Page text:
CSU-Bakersfield men’s basketball coach Rod Barnes emerged from the locker room late last month at Municipal Auditorium in Kansas City. He was seeking a familiar face, one who gave Ole Miss its first all-African-American starting five, who encouraged him to not listen to naysayers.
He was looking for former UMKC athletic director and basketball coach Lee Hunt, the man who was on the leading edge of race relations in high school and college sports during the Civil Rights Era. Barnes found him, exclaiming, “Coach! It’s good to see you.”
Hunt recruited Barnes to play at the University of Mississippi in the early 1980s. Just 20 years earlier, riots broke out there when a black man and war veteran, James Meredith, tried to integrate the school. Barnes says his family pressed Hunt for some answers.
“We asked him a lot of questions about the university, how the racial relations are there,” Barnes says. “How would I be put in harm’s way? Would I be treated equally and fairly? He (Hunt) guaranteed that.”
Barnes was a member of the 1984-85 team, the first at the school to have five African-American starters. It didn’t sit well with all Ole Miss fans.
“I got some hate mail because of it,” Hunt says.
On the forefront
“I’ve always had a strong feeling about this, about the way the African-American people were treated over the years,” says Hunt, who retired from UMKC in 1996.
His pushback started when he was the Warrensburg High School coach in the 1960s. One of his teams, which included a black player named Gibby Forbush, came home after a tough loss in 1962 — the same year Meredith tried to get into Ole Miss. They all wanted to grab a bite at a diner called Peterson’s.
“We went in and the manager came over and said, ‘I’m sorry, we can’t serve you. You have a black athlete with you,’” Hunt recalls. “I said, ‘If that’s the case, we’re leaving.’”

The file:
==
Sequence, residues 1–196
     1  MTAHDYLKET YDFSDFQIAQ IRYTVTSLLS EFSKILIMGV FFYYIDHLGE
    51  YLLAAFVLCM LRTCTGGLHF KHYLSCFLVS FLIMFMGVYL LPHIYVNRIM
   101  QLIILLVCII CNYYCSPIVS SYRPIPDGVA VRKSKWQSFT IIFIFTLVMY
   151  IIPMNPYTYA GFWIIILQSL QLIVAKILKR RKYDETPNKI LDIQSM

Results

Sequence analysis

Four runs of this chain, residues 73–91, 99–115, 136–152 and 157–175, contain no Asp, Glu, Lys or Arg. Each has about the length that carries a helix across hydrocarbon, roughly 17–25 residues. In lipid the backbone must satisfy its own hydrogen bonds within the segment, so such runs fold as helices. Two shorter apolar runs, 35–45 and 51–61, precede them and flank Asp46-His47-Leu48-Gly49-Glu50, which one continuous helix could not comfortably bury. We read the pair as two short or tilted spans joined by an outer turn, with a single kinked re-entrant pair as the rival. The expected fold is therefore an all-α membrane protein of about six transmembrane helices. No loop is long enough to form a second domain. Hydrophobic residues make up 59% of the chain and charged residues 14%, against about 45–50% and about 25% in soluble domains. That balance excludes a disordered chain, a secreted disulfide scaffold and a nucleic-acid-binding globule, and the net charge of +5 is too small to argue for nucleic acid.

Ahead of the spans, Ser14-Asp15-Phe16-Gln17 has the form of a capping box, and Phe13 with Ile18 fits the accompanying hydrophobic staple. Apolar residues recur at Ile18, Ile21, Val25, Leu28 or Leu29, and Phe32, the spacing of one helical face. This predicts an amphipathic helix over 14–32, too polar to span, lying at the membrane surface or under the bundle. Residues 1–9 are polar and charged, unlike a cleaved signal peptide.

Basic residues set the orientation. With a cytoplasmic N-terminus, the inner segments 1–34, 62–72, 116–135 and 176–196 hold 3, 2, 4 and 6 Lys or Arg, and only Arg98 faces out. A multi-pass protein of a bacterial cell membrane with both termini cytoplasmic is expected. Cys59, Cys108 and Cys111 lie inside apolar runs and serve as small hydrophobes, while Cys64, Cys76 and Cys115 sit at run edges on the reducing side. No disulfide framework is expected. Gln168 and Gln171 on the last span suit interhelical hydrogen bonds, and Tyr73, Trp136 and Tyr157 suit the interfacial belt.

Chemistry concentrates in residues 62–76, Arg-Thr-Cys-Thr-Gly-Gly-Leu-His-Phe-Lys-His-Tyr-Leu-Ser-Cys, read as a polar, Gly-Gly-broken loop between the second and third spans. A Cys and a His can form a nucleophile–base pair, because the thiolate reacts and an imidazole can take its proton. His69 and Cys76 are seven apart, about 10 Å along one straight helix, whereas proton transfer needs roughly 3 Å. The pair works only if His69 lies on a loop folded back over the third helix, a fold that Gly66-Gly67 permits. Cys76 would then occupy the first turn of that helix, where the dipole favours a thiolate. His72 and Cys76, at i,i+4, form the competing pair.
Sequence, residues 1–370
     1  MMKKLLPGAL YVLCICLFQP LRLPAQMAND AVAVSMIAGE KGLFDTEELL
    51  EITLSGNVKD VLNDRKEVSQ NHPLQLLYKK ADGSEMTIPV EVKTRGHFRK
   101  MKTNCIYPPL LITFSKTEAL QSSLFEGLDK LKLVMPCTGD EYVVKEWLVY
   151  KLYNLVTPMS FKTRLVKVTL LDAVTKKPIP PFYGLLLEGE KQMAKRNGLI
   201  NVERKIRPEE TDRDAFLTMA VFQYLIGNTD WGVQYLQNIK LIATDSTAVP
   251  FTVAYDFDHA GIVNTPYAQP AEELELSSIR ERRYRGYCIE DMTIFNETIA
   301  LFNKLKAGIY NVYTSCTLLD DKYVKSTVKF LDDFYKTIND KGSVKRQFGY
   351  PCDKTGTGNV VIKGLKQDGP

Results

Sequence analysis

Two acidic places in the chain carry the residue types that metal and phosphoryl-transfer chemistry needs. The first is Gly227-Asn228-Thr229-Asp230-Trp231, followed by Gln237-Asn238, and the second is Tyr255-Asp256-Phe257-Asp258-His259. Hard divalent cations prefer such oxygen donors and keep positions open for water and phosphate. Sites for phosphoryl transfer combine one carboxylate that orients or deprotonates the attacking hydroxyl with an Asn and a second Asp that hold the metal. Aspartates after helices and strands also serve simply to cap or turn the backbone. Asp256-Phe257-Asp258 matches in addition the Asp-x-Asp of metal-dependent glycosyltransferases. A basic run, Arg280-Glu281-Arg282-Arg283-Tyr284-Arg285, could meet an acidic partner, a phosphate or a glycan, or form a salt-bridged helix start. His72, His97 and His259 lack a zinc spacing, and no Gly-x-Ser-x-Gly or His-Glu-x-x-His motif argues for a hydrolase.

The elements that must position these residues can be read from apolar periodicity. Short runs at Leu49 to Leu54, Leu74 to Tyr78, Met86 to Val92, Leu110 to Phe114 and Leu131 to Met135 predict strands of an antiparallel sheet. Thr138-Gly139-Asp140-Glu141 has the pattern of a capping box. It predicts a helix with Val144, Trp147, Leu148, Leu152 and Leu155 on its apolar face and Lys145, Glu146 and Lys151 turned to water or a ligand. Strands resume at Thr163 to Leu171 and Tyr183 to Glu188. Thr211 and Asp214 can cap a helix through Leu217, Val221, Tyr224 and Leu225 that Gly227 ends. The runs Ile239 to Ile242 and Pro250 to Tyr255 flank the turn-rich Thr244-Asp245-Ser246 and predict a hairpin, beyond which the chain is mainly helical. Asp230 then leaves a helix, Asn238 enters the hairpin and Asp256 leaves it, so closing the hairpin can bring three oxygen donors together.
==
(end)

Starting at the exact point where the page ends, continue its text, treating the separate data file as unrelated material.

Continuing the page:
Hunt eventually became an assistant at Memphis State, now known as the University of Memphis, in 1970, which was two years after Dr. Martin Luther King Jr. was assassinated.
The team was good on the court, even going to the NCAA championship in 1973, where they lost to UCLA and legendary coach John Wooden. But Hunt and the rest also succeeded in lifting up Memphis, according to Jimmy Hayslip, who worked in Memphis schools for 50 years and was a scorekeeper at home games.
“They (the coaching staff) did more to bring a consolidation of whites and blacks together in this Memphis area than all the politicians combined,” Hayslip, who is white, says.
But that harmony didn’t last as the years went on, with white residents moving to the suburbs and black residents staying in the city. Memphis historian Jimmy Ogle, who is also white, says Beale Street, known now as a tourist destination, was fenced off in the late ’70s and early ’80s.
“You couldn’t walk or ride down Beale Street. Not a single business was open except for one little ol’ general store you had to enter from the alley,” Ogle says. “In 1979 is when the statistic is about more people in jail than living residentially.”
Black coaches' rise
In the national coaching community, however, there was upward mobility as more black assistants became head coaches (though the Minneapolis Star Tribune reports that trend peaked in 2005 and fell to 17 percent of major-conference teams in 2017).
Barnes joined the head coaching fraternity with a return to Ole Miss. He says Hunt never told him or his teammates about the hate mail during the 1980s, but once at the helm, Hunt warned him about what he might see.
“He (Hunt) said, ‘Hey listen, there’s going to be some people that send you mail that say things to you. But just continue doing what you’re doing,’” Barnes recalls. “’The problem is not you. It’s them.’”
Barnes’ team played in the 2001 NCAA Tournament at Kemper Arena. Hunt was keeping close tabs on Barnes, and it caught the attention of the Mississippi media.
“Rod, a few of us during your practice had a chance to visit with Lee Hunt and he said mostly nice things about you,” one reporter asked during a news conference. Barnes laughed, and the reporter continued, “Can you just comment on what he has meant?”
Barnes was clear: “I think he’s responsible a lot for me having the opportunities that I have right now.”
When Hunt looks back at his days at Ole Miss, he says he alone didn’t set out to change race relations; Ole Miss alone made a conscious effort to alter its image in sports.
“They treated the black athlete(s) extremely well,” he says. “Our athletic director stayed with one kid for six years to get his degree. That showed me that they were serious about (changing) the image that they had.”
And Hunt is thankful, because it forged the relations he has with guys like Barnes, even up until today.
Greg Echlin is a freelance sports reporter for KCUR 89.3.